6. Pete Rock & CL Smooth

Essential listening: The Main Ingredient

Pete Rock & CL Smooth emerged during the golden age of hip-hop, a time when jazz rap was gaining momentum and evolving as a subgenre. As early adopters in this movement, the duo’s soulful sound set them apart from their contemporaries and solidified their status as jazz rap pioneers. The duo’s iconic debut album, Mecca and the Soul Brother, showcased Pete Rock’s warm, soulful approach to production by incorporating jazz samples, lush horn arrangements, and smooth basslines that perfectly complemented CL Smooth’s introspective and poignant lyricism. This synergy between production and storytelling created a distinct jazz rap sound that resonated with hip-hop heads and jazz aficionados alike. Across their (sadly) small catalogue, Pete Rock masterfully manipulated classic jazz samples, breathing new life into the genre while honoring its roots. CL Smooth’s ability to weave personal narratives with broader themes of love, loss, and life experiences added depth and emotion to their music, making their work relatable and timeless.

5. J Dilla

Essential listening: Donuts

J Dilla: The Jazz Rap Visionary Who Redefined Beatmaking

James Dewitt Yancey, known as J Dilla or Jay Dee, stands as a giant in jazz rap and instrumental hip-hop. Born in Detroit, Dilla’s soulful, jazz-infused production style influenced countless artists across genres, making him one of the most revered beatmakers of all time. As a member of Slum Village and a frequent collaborator with A Tribe Called Quest, J Dilla showcased his gift for crafting beats that resonated with both fans and fellow musicians. His work helped shape the sound of jazz rap in the late ’90s and early 2000s, earning him a well-deserved spot among the greats. Dilla’s solo career further cemented his legacy as a jazz rap icon. Critically acclaimed albums like his magnum opus Donuts and posthumous The Shining remain genre staple that highlight his one-of-a-kind approach to beat-making. With off-kilter drums, chopped-up samples, and jazz-laden melodies, Dilla’s signature style is unmistakable and unforgettable.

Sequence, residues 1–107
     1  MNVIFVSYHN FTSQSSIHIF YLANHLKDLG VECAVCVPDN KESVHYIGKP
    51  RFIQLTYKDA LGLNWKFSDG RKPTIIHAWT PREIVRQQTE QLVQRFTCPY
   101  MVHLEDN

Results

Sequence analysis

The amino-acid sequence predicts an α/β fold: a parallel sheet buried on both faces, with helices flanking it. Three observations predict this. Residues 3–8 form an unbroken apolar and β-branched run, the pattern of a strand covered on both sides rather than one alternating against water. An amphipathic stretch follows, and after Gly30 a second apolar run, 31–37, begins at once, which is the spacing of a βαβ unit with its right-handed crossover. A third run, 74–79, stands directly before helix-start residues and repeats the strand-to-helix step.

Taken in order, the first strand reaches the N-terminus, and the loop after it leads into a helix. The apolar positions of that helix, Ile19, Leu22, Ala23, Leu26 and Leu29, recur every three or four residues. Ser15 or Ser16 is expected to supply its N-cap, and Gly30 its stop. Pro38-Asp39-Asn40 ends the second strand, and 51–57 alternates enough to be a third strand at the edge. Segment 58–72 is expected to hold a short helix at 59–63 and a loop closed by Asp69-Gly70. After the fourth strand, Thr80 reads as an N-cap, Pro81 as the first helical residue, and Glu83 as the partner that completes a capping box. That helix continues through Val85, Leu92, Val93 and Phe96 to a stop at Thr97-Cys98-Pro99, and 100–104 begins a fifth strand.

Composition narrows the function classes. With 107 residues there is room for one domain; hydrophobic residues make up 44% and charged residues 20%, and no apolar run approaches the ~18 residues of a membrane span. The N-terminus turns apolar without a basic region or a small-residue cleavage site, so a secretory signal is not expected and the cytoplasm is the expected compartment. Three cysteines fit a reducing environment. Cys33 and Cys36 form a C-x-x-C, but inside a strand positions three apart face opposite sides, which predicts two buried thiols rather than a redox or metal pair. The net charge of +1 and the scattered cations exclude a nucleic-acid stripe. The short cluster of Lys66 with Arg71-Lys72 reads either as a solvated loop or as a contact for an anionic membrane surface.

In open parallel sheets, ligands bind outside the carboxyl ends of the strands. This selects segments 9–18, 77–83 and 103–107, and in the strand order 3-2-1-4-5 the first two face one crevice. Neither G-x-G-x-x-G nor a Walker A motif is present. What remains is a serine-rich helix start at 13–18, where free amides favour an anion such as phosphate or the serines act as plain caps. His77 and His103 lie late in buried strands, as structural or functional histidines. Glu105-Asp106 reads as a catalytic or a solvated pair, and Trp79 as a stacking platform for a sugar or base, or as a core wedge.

4. The Roots

Essential listening: Do You Want More?!!!??!

Straight outta Philly, The Roots, led by the unstoppable force of Black Thought on the mic and the drumming genius Questlove, have been breaking barriers and redefining the jazz rap scene with their live instrumentation and electrifying live performances. Known in the early days for their scat approach and off-the-dome freestyles, these pioneers have kept it real and raw, cementing their status as jazz rap innovators. With essential listening like Do You Want More?!!!??!, The Roots flex their creative muscles, combining elements of jazz, hip-hop, and soul in a way that’s both innovative and timeless. Black Thought’s razor-sharp lyricism and social consciousness, paired with the band’s top-tier musicianship, have made The Roots one of the leading early forces in the jazz-rap realm, and they’ve gone on to influence generations of artists.

3. Gang Starr

Essential listening: Step in the Arena

Guru and DJ Premier, the dynamic duo known as Gang Starr, were straight-up game-changers in the jazz rap world. Hailing from Boston, Massachusetts and Houston, Texas, respectively, Gang Starr went onto to redefine New York hip hop with their approach to production and lyricism. The duo were among the first to sample jazz in hip hop; when they dropped their debut single, “Words I Manifest,” in 1989, they shook things up by sampling Dizzy Gillespie’s 1952 classic, “Night in Tunisia.” Guru’s chill, monotone flow paired with DJ Premier’s mad skills on jazz-infused beats and scratches made Gang Starr’s sound straight fire. Their iconic album Step in the Arena, which best exemplifies their jazzy approach, is one of the cornerstones of the subgenre.